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The Daily Volcano Quote: Dr Erik Klemetti on Yellowstone 12 July 2011

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To celebrate the Eruptions blog reaching 1,000 posts, here’s its only begetter, Dr Erik Klemetti, puncturing, in typically measured and well-informed style, one of the favoured obsessions of the disaster-mongers and doomsday-lovers: Yellowstone.

Sometimes I think that people have an unhealthy obsession with Yellowstone Caldera. Sure, it is big, powerful and the stuff that disaster movies are made, but in terms of a volcanic system that poses a high threat to life/property in the U.S. on a daily basis, it is relatively low. I know what you are thinking (well, some of you): “How can you say that? Look at how big the past eruptions were?” Yes, indeed, the previous eruption from the modern Yellowstone Caldera were indeed big, some of the biggest we have identified on the continents (it is still no Fish Canyon Tuff), so I’ll give you that. However, looking at the recent volcanic history of Yellowstone, you’d see that these big “doomsday” eruptions are only a very small piece of its activity, so even if tomorrow the caldera began to show signs of imminent eruption, there is a very good chance that it would be a relatively minor eruption – possibly on the scale of the 2008 and onward Chaiten eruption in Chile. … And if you ever worry, Yellowstone is also well-wired to see all the real time data, including earthquakes in the region and in the park, temperatures of hot springs, webcams, deformation within the caldera and hydrologic changes in the area. You would expect that if Yellowstone were headed towards an eruption, we would see lots of rapid inflation, lots of constant seismicity that gets shallower through time, a change in the temperature/composition of the hydrothermal systems and possibly even cracks forming in the land around the caldera. In other words, there will be lots of signs. So, the next time you see a doomsday article about Yellowstone, remember, calderas are busy places and the media loves its disasters.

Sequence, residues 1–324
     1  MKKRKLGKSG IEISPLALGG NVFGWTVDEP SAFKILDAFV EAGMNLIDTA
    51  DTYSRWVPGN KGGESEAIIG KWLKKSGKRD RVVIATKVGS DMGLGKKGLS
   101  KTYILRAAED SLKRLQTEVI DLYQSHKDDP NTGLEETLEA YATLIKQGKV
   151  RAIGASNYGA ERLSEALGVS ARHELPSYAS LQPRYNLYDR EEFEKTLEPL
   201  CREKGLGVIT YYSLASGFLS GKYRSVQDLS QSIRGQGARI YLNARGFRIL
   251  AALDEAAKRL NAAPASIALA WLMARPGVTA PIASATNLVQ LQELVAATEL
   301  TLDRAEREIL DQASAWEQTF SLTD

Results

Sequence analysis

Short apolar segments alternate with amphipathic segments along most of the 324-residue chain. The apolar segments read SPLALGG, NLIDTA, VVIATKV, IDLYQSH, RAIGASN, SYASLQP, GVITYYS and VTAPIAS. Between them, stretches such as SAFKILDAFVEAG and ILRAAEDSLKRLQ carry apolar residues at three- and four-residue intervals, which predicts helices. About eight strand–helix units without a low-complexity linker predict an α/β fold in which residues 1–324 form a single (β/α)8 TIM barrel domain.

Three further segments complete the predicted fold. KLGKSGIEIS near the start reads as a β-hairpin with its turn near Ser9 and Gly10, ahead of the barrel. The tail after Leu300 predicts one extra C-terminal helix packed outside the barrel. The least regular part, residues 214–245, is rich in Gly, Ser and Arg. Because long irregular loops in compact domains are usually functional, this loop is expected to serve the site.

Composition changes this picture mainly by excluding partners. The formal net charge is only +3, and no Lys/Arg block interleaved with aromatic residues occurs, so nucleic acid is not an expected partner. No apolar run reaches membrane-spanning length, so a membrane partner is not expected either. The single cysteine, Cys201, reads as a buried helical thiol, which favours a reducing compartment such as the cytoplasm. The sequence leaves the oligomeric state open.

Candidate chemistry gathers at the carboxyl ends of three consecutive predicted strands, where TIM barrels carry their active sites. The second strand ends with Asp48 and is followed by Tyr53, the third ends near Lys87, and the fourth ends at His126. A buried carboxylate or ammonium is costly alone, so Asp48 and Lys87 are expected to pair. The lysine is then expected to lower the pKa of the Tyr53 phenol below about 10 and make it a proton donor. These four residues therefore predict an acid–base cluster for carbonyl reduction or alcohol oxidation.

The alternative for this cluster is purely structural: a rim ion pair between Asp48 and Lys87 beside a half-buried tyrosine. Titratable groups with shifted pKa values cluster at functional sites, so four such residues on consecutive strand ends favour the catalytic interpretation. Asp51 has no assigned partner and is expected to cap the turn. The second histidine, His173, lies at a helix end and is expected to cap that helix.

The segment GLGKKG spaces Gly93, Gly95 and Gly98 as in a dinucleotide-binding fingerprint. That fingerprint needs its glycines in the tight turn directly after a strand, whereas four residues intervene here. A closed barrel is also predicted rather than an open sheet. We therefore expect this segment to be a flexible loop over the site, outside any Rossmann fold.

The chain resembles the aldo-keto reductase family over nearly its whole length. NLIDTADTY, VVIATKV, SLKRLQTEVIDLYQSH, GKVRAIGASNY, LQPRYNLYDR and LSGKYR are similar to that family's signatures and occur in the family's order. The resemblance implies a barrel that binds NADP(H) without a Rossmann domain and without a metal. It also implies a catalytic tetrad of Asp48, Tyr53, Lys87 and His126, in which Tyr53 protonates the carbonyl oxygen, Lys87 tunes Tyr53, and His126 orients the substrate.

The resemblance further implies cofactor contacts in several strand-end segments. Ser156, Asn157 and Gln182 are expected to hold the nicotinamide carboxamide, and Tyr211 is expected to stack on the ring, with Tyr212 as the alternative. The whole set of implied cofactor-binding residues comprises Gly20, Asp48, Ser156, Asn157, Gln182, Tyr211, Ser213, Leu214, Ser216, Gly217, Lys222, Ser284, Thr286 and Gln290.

Erik Klemetti, ‘Yellowstone: the public and media obsession with the caldera’, Eruptions, 25 January 2011.

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